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Eleanor Catton won the $25,000 prize, announced by the Canada Council for the Arts, for The Luminaries, an 832-page murder mystery set on the west coast of New Zealand during the 1860s gold rush. (Robert Catto)
Eleanor Catton won the $25,000 prize, announced by the Canada Council for the Arts, for The Luminaries, an 832-page murder mystery set on the west coast of New Zealand during the 1860s gold rush. (Robert Catto)

‘Terrific storyteller’ Eleanor Catton nabs Governor-General’s Literary Award Add to ...

Eleanor Catton, the 28-year-old Canadian-born, New Zealand-based author who last month became the youngest person to win the Man Booker Prize, has now been honoured by her home country with this year’s Governor-General’s Literary Award for fiction.

Catton won the $25,000 prize, announced Wednesday morning by the Canada Council for the Arts, for The Luminaries, an 832-page murder mystery set on the west coast of New Zealand during the 1860s gold rush. A pastiche of the Victorian sensation novel, the book has 20 central characters, each inspired either by one of the signs of the zodiac or the planets of solar system.

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“I’m not an enormous fan of books where there’s an underpinning that is pretty obvious, but I just felt she made that world of astrology fit with that story she wanted to tell,” said juror Thomas Wharton, an associate professor at the University of Alberta, in an interview. “She’s a terrific storyteller. She kept me turning pages, 800-plus pages, and not just a whodunit level. It just became more and more compelling in all kinds of ways.”

He added: “I think there’s a lot of very perceptive understanding of human behaviour, human nature in her characters. It has something to say to contemporary people, too.”

If Catton’s epic is one of the biggest ever books to win the English-language honour, the winner of the French-language fiction award, Stéphanie Pelletier, added another data point to the popular notion that 2013 is the year of the short story. Pelletier joins recent Nobel Prize-winner Alice Munro and Giller Prize-winner Lynn Coady, who won for her collection Hellgoing, in snaring the prize with her short-story collection Quand les guêpes se taisent.

Katherena Vermette won the English-language poetry award for North End Love Songs, a debut collection that tracks the response of that Winnipeg neighbourhood to the disappearance of a young aboriginal man. Vermette, who identifies herself as a mixed-blood Métis with Mennonite roots, said she listened to classic heavy metal while writing the poems, including tunes by Skid Row, Guns N’ Roses, Metallica and Cinderella.

Other notable winners include Matt James, who was honoured for his illustrations of the classic Stan Rogers anthem Northwest Passage, in a children’s book of the same name, which recalls the early explorers who risked their lives to seek a route to the Pacific. James had been nominated twice before, but had never won.

His French-language counterpart, meanwhile, scored her third Governor-General’s Award. Isabelle Arsenault was honoured for her illustrations in the children’s book Jane, le renard & moi, a sensitive tale with text by Fanny Britt, about a bullied adolescent girl trying to find peace. The graphic novel has just been published in English as Jane, the Fox and Me. Arsenault had previously won in 2005 and 2012.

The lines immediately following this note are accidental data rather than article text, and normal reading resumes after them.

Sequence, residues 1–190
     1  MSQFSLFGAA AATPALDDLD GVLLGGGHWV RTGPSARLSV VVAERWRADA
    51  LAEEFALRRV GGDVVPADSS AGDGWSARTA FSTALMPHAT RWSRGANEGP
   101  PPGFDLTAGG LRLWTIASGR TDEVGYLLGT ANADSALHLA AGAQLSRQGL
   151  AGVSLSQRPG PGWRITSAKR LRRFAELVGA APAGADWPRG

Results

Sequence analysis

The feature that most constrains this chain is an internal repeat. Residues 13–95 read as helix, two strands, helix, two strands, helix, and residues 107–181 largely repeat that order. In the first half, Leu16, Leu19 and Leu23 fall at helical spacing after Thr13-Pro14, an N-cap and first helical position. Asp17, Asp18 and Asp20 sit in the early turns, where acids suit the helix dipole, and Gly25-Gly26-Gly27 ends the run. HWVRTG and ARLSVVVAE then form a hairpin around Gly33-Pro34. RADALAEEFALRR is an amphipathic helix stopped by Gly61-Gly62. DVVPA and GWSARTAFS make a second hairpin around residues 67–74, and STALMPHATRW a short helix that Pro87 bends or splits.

Her collaborator, Britt, was also honoured in this year’s drama category, for her play Bienveillance.

The literary biographer Sandra Djwa won the English-language non-fiction award for Journey with No Maps: A Life of P.K. Page, which had been shortlisted for this year’s Charles Taylor Prize.

Governor-General David Johnston will present the awards in a ceremony at Rideau Hall on Nov. 28.

Winners of Governor-General’s Literary Awards (English, French)

Fiction

Eleanor Catton, The Luminaries (McClelland & Stewart)

Stéphanie Pelletier, Quand les guêpes se taisent (Leméac Éditeur)

Poetry

Katherena Vermette, North End Love Songs (The Muses’ Company)

René Lapierre, Pour les désespérés seulement (Éditions Les Herbes rouges)

Drama

Nicolas Billon, Fault Lines: Greenland – Iceland – Faroe Islands (Coach House Books)

Fanny Britt, Bienveillance (Leméac Éditeur)

Non-fiction

Sandra Djwa, Journey with No Maps: A Life of P.K. Page (McGill-Queen’s University Press)

Yvon Rivard, Aimer, enseigner (Les Éditions du Boréal)

Children’s Literature – Text

Teresa Toten, The Unlikely Hero of Room 13B (Doubleday Canada)

Geneviève Mativat, À l’ombre de la grande maison (Éditions Pierre Tisseyre)

Children’s Literature – Illustration

Matt James, Northwest Passage, text by Stan Rogers (Groundwood Books)

Isabelle Arsenault, Jane, le renard & moi, text by Fanny Britt (Les Éditions de la Pastèque)

Translation

Donald Winkler, The Major Verbs (Signal Editions); English translation of Les verbes majeurs by Pierre Nepveu

Sophie Voillot, L’enfant du jeudi (Les Éditions du Boréal); French translation of Far to Go by Alison Pick

Follow on Twitter: @simonhoupt

 

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